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The Person and Work of the Holy Spirit Series


The Essence of Pentecostalism

Wed, 14 Apr 2010 - 10:47 AM CST

Forum conducted at the Asia Pacific Theological Seminary Chapel

Edited and Introduced by Robert P. Menzies

Pentecostals face a future filled with significant challenge and unique opportunity. Both are a product of change. Our roots are firmly planted in the 19th-century Holiness movement and American revivalism. This fertile soil nurtured our theology and the approach to Scripture upon which it stands. Yet now, almost a century later, we find ourselves in a new environment: Our Pentecostal feet are firmly planted in mainstream evangelicalism; our theology is essentially the same; but our approach to Scripture—the hermeneutic that supports our Theology—has been significantly altered. The hermeneutic of evangelicalism has become our hermeneutic.

This change has gone virtually unnoticed, for our new hermeneutic supports most of the theological positions we hold dear—those we share with our evangelical brothers. Yet this hermeneutical change represents a very real challenge to our distinctive Pentecostal doctrines. These doctrines, formulated prior to our assimilation into the larger evangelical community, are based on an approach to Scripture that is not entirely compatible with our new, evangelically shaped hermeneutic.

Whereas in the past we often treated the Bible as a homogeneous whole and built our theology on texts arranged together with little regard for the author’s original intent, now we treat each biblical author separately and seek to understand a text in terms of the author’s intention before we integrate it into a systematic structure. The result is that today we find ourselves espousing a theology that at times is based on an approach to Scripture we no longer accept. This does not mean our theology is wrong, but it does suggest that we may be unprepared to offer convincing biblical support for our distinctive theological positions. We have changed, and we must deal with the tension this change has produced.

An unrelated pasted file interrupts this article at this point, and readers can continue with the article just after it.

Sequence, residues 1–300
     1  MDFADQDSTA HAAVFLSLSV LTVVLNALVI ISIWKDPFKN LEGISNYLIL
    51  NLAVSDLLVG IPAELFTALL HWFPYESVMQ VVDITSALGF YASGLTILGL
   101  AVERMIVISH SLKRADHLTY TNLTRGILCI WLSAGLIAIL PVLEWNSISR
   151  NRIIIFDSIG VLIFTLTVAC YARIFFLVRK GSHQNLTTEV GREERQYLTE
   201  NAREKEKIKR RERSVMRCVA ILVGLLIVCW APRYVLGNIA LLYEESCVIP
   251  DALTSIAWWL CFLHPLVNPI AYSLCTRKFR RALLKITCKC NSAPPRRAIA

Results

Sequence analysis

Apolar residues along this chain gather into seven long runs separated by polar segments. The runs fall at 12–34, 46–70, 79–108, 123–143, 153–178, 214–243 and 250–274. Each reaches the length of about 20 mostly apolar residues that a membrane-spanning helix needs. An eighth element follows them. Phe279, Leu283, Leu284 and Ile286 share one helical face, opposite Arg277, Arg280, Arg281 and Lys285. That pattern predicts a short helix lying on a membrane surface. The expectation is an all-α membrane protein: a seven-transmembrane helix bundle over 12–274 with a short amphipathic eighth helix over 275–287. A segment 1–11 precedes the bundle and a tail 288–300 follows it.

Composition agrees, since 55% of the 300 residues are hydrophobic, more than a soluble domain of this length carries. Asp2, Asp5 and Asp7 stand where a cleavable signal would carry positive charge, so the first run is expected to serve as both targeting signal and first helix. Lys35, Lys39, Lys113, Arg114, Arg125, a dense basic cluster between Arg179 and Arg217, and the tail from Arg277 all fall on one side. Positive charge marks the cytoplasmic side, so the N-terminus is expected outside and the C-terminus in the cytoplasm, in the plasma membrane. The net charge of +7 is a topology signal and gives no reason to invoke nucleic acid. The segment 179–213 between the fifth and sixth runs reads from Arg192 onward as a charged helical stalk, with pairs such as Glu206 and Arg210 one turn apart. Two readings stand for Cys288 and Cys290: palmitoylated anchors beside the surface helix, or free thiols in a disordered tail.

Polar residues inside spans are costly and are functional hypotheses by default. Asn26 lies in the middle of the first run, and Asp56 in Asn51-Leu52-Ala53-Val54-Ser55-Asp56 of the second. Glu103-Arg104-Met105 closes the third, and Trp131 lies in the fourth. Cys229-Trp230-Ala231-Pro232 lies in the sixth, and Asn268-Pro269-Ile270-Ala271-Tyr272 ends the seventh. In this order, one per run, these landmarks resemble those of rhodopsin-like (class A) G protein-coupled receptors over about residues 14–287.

Fortunately, the winds of change have also brought to us a unique opportunity. As never before, we have the possibility of providing the biblical and theological answers demanded of us by the evangelical context in which we live. Formerly, evangelicals had viewed the Book of Acts as a historical text with little theological significance. Theology, at least in the normative sense, was to be found in didactic rather than narrative portions of Scripture. Since Pentecostal theology has always drawn deeply from the Book of Acts, this perspective undercut the very possibility of a Pentecostal theology.

Although this perspective might appear extreme, it was a logical reaction to the radical historical skepticism that marked many of the early works that depicted Luke as a theologian. Rather than a theologian with little interest in history, Luke was viewed as a historian with little interest in theology. This meant that our assimilation into evangelicalism not only required us to produce new answers, but that we were required to do so in an environment hostile to the task.

Thankfully, the evangelical perspective—and thus the environment in which we live—has changed. The publication in 1970 of I. Howard Marshall’s Luke: Historian and Theologian marked an important shift in evangelical thinking. Since then, evangelicals have increasingly come to recognize that Luke was in fact both a historian and a theologian, and that Acts has significant theological value in its own right! This shift in evangelical attitudes toward Luke has created a fertile climate for Pentecostal theologizing.

Thus, we find ourselves with an exciting opportunity to meet a pressing challenge. Our own Pentecostal community, shaped by the evangelical heritage, and our brothers from the broader evangelical world are challenging us to provide convincing biblical support—support based on hermeneutical principles accepted within the evangelical community—for our distinctive theological positions. If we meet this challenge, we will continue to be a source of spiritual renewal for the larger evangelical community. If we fail, we run the risk of losing our Pentecostal identity.